Canada rating 7,4 / 10 rating 23 Votes Braden Croft Genres Thriller. Free movie true fiction 2016. With sleep paralysis- If i can rock myself hard enough i can snap out of it... Avery Malone, a wannabe writer and lonely librarian, gets her big break when she's hand-selected to assist her hero, reclusive author, Caleb Conrad. Whisked away to Caleb's remote estate, Avery is given her one and only task; to participate in a controlled psychological experiment in fear that will serve as the basis for Caleb's next novel.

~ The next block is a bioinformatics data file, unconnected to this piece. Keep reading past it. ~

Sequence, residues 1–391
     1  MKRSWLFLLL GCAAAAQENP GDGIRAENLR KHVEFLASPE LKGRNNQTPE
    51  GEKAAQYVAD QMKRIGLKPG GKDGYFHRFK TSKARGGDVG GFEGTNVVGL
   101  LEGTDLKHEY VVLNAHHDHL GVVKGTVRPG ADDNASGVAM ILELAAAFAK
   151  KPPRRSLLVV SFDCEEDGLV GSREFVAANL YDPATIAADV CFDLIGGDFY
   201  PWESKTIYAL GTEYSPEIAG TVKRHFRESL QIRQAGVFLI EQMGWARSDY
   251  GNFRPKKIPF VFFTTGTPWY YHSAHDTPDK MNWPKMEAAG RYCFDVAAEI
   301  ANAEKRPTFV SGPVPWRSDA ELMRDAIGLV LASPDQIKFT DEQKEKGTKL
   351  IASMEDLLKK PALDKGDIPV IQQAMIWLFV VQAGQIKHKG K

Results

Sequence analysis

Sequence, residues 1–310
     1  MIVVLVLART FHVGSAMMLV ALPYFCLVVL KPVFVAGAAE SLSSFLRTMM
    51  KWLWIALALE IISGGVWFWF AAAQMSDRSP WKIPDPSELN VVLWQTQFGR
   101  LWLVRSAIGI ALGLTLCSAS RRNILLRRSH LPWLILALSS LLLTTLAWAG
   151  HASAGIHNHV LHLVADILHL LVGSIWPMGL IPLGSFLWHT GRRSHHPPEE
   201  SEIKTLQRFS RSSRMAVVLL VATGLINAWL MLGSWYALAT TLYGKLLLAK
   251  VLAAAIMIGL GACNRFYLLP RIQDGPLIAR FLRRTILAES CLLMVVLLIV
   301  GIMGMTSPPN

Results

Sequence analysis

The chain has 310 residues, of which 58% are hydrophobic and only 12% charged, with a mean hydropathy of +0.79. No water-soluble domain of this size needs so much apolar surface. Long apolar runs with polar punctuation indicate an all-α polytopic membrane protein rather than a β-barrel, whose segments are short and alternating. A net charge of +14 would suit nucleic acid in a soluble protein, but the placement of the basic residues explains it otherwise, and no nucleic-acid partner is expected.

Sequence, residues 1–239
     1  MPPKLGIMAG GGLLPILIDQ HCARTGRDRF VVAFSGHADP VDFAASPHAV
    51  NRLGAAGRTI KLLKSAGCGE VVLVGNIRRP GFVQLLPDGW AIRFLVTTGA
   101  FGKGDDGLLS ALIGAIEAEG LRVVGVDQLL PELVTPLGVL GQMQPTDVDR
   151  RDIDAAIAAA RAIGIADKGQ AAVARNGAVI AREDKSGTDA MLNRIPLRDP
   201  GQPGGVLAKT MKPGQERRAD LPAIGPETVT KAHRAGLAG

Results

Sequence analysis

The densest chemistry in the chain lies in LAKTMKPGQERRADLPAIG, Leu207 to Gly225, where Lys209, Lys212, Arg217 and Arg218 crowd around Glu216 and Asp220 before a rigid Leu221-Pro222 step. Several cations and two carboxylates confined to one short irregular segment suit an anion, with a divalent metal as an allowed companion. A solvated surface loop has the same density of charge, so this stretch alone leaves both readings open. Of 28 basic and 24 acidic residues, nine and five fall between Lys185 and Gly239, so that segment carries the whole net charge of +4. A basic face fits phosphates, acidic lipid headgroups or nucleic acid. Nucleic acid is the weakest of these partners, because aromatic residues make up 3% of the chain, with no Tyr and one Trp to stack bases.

Free movie true fiction quotes. What with all the lovely discussions we're having this week, I thought I'd put my money where my mouth is and shill some books! Here are 55 SFF (or SFF adjacent) books I really enjoyed this year, with mini reviews for each. (Of the books I read this year, 53% were SFF, 31% were non-fiction, and 16% were non-SFF fiction, so I'll only be talking about the books that fall under or adjacent to the SFF umbrella. ) Books are grouped roughly by theme and ranked, with 1 being my absolute favorite of each group. Feel free to ask which bingo squares any of them qualify for, or which rankings you agree or disagree with! And with that, on to the books! Count by Numbers Five Twelfths of Heaven by Melissa Scott. Space ship pilots navigate space using eldritch singing magic! For anyone hankering for an original and engaging sci-fi adventure with the feel of an old classic. The Seventh Bride by T. Kingfisher. A young girl is threatened with marriage to an evil sorcerer unless she can achieve a series of impossible tasks. For fans of fairy tales, clever protagonists, and a narrative that rewards goodness and kindness. Also, clocks. King's Blood Four & Necromancer Nine by Sheri Tepper. A traditional coming of age fantasy story of a young man with powers based on a chess-like game. Then the sequel proceeds to get really, really weird. For fans of rules-based magic systems and secret sci-fi. Six Gun Snow White by Cat Valente. Snow White is a runaway in the wild west. You could cut the prose with a knife. It is all very Valente. For fans of beautiful prose and shooting the patriarchy. Sixteen Ways to Defend a Walled City by KJ Parker. Not-Byzantium is besieged, and a harried imperial engineer has to ensure that the walls hold. For anyone irritated when other writers ignore issues of food rations and never answer how in the hell the armies are getting paid. Things Go Wrong in Space To Be Taught, If Fortunate by Becky Chambers. A group of four scientists survey a series of planets for signs of life. For those that love the wonder of science and exploration and harbor a deep love of humanity. The Luminous Dead by Caitlin Starling. A cave diver on an alien planet is alone save for the voice of her guide in her ear and the creeping suspicion that she is not alone in the cave system. For fans of The Descent, claustrophobia in general, and those terrifying longline articles about spelunking and scuba diving disasters. Do You Dream of Terra Two? by Temi Oh. A group of maladjusted teenagers launch on a lifetime mission and slowly come to terms with the act that they'll never see Earth again. For fans of character-driven stories, existentialism, and people that wonder what happens after the cameras turn off. Salvation Day by Kali Wallace. Followers of a charismatic cult leader are sent to hijack an abandoned space ship, not realizing it was abandoned For A Reason. For fans of the Alien franchise and World War Z. Alien: Echo by Mira Grant. Twins (because Mira Grant) on a colony planet come across something big and bitey. Things go downhill from there. For fans of Alien and all other space horror classics. Wibbly Wobbly Timey Wimey The Light Brigade by Kameron Hurley. A soldier signs up to fight aliens, and repeatedly gets beamed to different drop sites than the rest of the platoon. For fans of The Forever War and The Seven and a Half Deaths of Evelyn Hardcastle. The Archive of Alternate Endings by Lindsay Drager. The story of Hansel and Gretel is told and retold in sync with flybys of Halley's comet and in the shadow of the AIDS epidemic. For people that want to cry about brothers and sisters, and people that think telecommunications satellites are underrated narrators. Middlegame by Seanan McGuire: Twins (because Seanan McGuire) use the power of numbers and language to maybe end the world? For fans of chess metaphors and The Wizard of Oz. Silently and Very Fast by Cat Valente. An AI has complicated feelings about its creators. For fans of poetic language and trippy dreamscapes. The Time Traders by Andre Norton. A plucky American lad competes with The Soviets to find alien artifacts in a prehistoric landscape. For fans of good clean fun, bromances, and outsmarting those gosh darn Ruskies. Sequels and Threequels The Winter of the Witch by Katherine Arden. Vasya’s story concludes in this beautiful homage to Russian fairytales. For people that have feelings about the interplay between Russian mythology, Christianity, and womanhood. Also for people that find ice demon kings really hot. The Dragon Republic by RF Kuang. The not-Chinese-Civil-War continues, Rin struggles with opium addiction, and everyone involved continues to make terrible life choices. For fans of grimdark and class consciousness. Grey Sister, Holy Sister by Mark Lawrence. Ninja assassin nuns continue to do ninja assassin nun things. For fans of vicious teenage girls and badass magic fights. The Wicked King by Holly Black. Jude and Cardan continue to scheme over the throne of Faerie while sniping viciously at each other. If you liked the first one, you'll like this one. Wayward Son by Rainbow Rowell. After vanquishing the Big Bad and subsequently getting depression, Simon Snow's friends drag him to America on a vacation that promptly goes wrong. For fans of roadtrips, people that hate Valley tech-bro culture, and people that wonder what happens after the final battle. Everyone Involved Needs Therapy The Test by Sylvain Neuvel. A man sits down to take his UK citizenship test, and everything goes to hell. For fans of Black Mirror. The Devil's Diadem by Sara Douglass. A medieval woman is caught up in a plague sent from hell itself in a battle for a lost artifact. For fans of seriously dysfunctional romantic relationships, medieval books that feel medieval, and crying. The Winter Prince by Elizabeth Wein. Mordred has a terrible relationship with his mother, father, and brother in post-Roman Britain. For fans of seriously dysfunctional familial relationships, second-person, and period-accurate Arthuriana. The Birthgrave by Tanith Lee. Woman that may be a demon or a goddess wanders around a vast and ruined world making terrible relationship choices. For fans of unsympathetic protagonists and those weird landscapes in the last Mad Max movie. Ormeshadow by Priya Sharma. A young boy imagines the dragon sleeping beneath his sleepy village and attempts to ignore the tensions between the adults of the family. For everyone who's ever wanted to level their hometown. Diverse Representation They Both Die at the End by Adam Silvera. In a world where citizens are warned that their life will end in the next 24 hours, two strangers set out to make their last day count. Spoiler: they both die at the end. If you want YA with a heart, and also want to sob on the bus. The Raven Tower by Ann Leckie. Hamlet retold by a rock in second person. For fans of: Hamlet, rocks, second person narratives. Pyre at the Eyreholme Trust by Lin Darrow. An ink mage falls in with a gangster with fire powers in this rollicking romance. For fans of 1920s slang and fast paced UF. Moon of the Crusted Snow by Waubgeshig Rice. Members of the Anishinaabe tribe in northern Canada contend with the end of the world. For fans of survival stories, dystopias, and the slow horror of winter setting in. Temper by Nicky Drayden. In an alternate-universe Cape Town, all people are born as twins, with each of the seven deadly sins given to one of the two. For fans of magical schools, demons, and plot twists. Weird, Grubby Girls The Girl Who Circumnavigated Fairyland in a Ship of Her Own Making by Cat Valente. A delightfully weird girl finds her way to fairyland, where she encounters creatures both diverse and strange, to include bicycle herds, a wyvern/library hybrid, and a breeze leopard. For fans of whimsy, wonder, and Alice in Wonderland. Also Rothfuss loved it, if you're a fan of his. Fly by Night by Frances Hardinge. A weird, grubby little girl (because Hardinge), her homicidal goose, and the con-man she's attached herself too accidentally get embroiled in a succession crisis. For fans of political intrigue, clever wordplay, and the Untitled Goose Game. Dead Voices by Katherine Arden. A gaggle of children are trapped in a haunted ski lodge and must fight to survive both freezing temperatures and malevolent spirits. For fans of Goosebumps and people that think Hunting Lodge chic is an underutilized horror aesthetic. Verdigris Deep by Frances Hardinge. Grubby girls AND grubby boys find an eldritch power lurking in a well that grants wishes in terrible ways. For fans of fractured fairy tales. Wilder Girls by Rory Power. Students at a quarantined girls' school slowly succumb to terrible mutations. For people that know teenage girls are kind of awful, and also like body horror. Soft or Spooky +Plants Ghost Wall by Sarah Moss. A modern working-class family travels into the wild to experience life as the ancient Britons did, and Things Go Wrong. For fans of Actual Historical Accuracy and Eldritch Rituals (Technically not SFF but it's my list and I do what I want). The Lie Tree by Frances Hardinge. A weird, grubby little girl (because Hardinge) comes across a sinister tree that feeds on lies. For fans of paleontology, Early Modern natural philosophers, and the grim romanticism of isolated seaside villages. Tehanu by Ursula K LeGuin: The Wizard Ged, retired from magic, moves to a sleepy village with the widow Tenar and a horribly abused child. They herd their flocks, tend to their gardens, and will probably make you cry. For people tired of teenage heroes and epic battles. Garden Spells by Sarah Addison Allen. A delightful tale of a sleepy town, a magical apple tree, and two sisters with magical powers that learn to allow themselves to love again. For fans of baking and second chances. Summers at Castle Auburn by Sharon Shinn. The bastard daughter of a noble house spends summers surrounded by the nobility as she grows to adulthood. For fans of gentle, slice-of-life fantasy, and kind, caring, Hufflepuff-to-the-bone heroes. Ye Olden Times Sir Gawain and the Green Night by Anonymous, trans. Simon Armitage. A stalwart and true knight ventures into the wilds to defeat his foe, ends up chilling in a strange castle and getting hit on by his host's wife. For fans of beautiful prose, desolate landscapes, and pre-modern bros being bros (also the audiobook is amazing! ) Bakkhai by Euripides, trans. Anne Carson. A man spurns Dionysus, and the god takes it upon himself to teach him a lesson. For fans of divine madness and women going full on feral in the woods. The Screwtape Letters by CS Lewis. An infernal bureaucrat directs his bumbling protege on how to secure the soul of a young man living in London during the Blitz. For fans of meditations on Christianity and anyone that has ever hated their office supervisors. Jirel of Joiry by CL Moore. A very fierce barbarian princess barbarians her way through a series of weird, lovingly described landscapes. For fans of enemies-to-lovers-to-enemies-to-lovers and weird, eldritch, trippy shit. (Also, a key inspiration for Tamora Pierce's Alanna! ) The Tain by Anonymous, trans. Ciaran Carson. A bunch of Irish warriors drink a lot and fight over a cow. Not just any cow. A really sexy cow. For people that enjoy the warrior lists in the Illiad and also listening to their drunk friends talk about how great they are. SFF-Adjacent Nonfiction An Informal History of the Hugos by Jo Walton. An in-depth look at every year of the hugo awards from the very beginning. Wonderful for giving a sense of perspective to the genre and an understanding of what led to our current fiction trends. For people that want to add 100+ books to their TBR piles. Words are My Matter by Ursula K. LeGuin. Sometimes moving, sometimes insightful, always beautiful essays by a master of the craft. For fans of everything fantasy. Appropriately Aggressive: Essays about Books, Corgis, and Feminism by Krista D. Ball. What it says on the tin. For anyone wondering why everyone talking about female authored books right now seems so frustrated and tired. Also great for enyone considering self-publishing. Virtue Signaling and Other Heresies by John Scalzi. Read along as Scalzi cheerfully expounds on life, books, and pissing off trolls on the internet. Read if you are interested in any of those things. The Stars Like Sand: Australian Speculative Poetry by Various. A very odd collection of SFF poetry written by those folks down under. Quality is admittedly... variable, but there are some gems. Year's Best This is How You Lose the Time War by Amal El-Mohtar & Max Gladstone. On the off chance that you've been living under a rock: postmodern weird-AF F/F time-travel epistolary novella with prose more lusciously purple than Homer's wine-dark sea. Reader, this made me cry like a small child. Silver in the Wood by Emily Tesh. A gay forest spirit and the idiot folklorist who loves him! Eldritch forest creatures! Lush descriptions of plants! Gentle musings on learning to love and grow again! Trees! Gideon the Ninth by Tamsyn Muir. Lesbian space-necromancers with swords fight in a deadly space-necromancer competition set in a haunted gothic mansion. It is so badass. We do bones, motherfucker. A Memory Called Empire by Arkady Martine. You'll either dig it for the intricate House of Cards political mechinations and the nuanced meditations on imperialism, or for the fact that it's AZTECS IN SPACE!! Sandman: The Dream Hunters by Neil Gaiman and Yoshitaka Amano. What's better than Neil Gaiman? Neil Gaiman wedded to the otherworldly art of Yoshitaka Amano. Read it and drool. Oh, and the story is very good too. Still reading? I did this last year too; you can see the results here if you're curious. A bit of comparison below: 2018 2019 Total Books 160 150 Author Gender 36% Male, 64% Female 35% Male, 65% Female Primary (Low) Fantasy, Secondary (High) Fantasy, Scifi 45%, 39%, 16% 46%, 26%, 28% Most Read Authors Euripides (6), Martha Wells (4), CS Lewis (3) Valente (3), Hardinge (3), McGuire/Grant (3) And that's that! See anything you like? Read any of these and want to talk about them?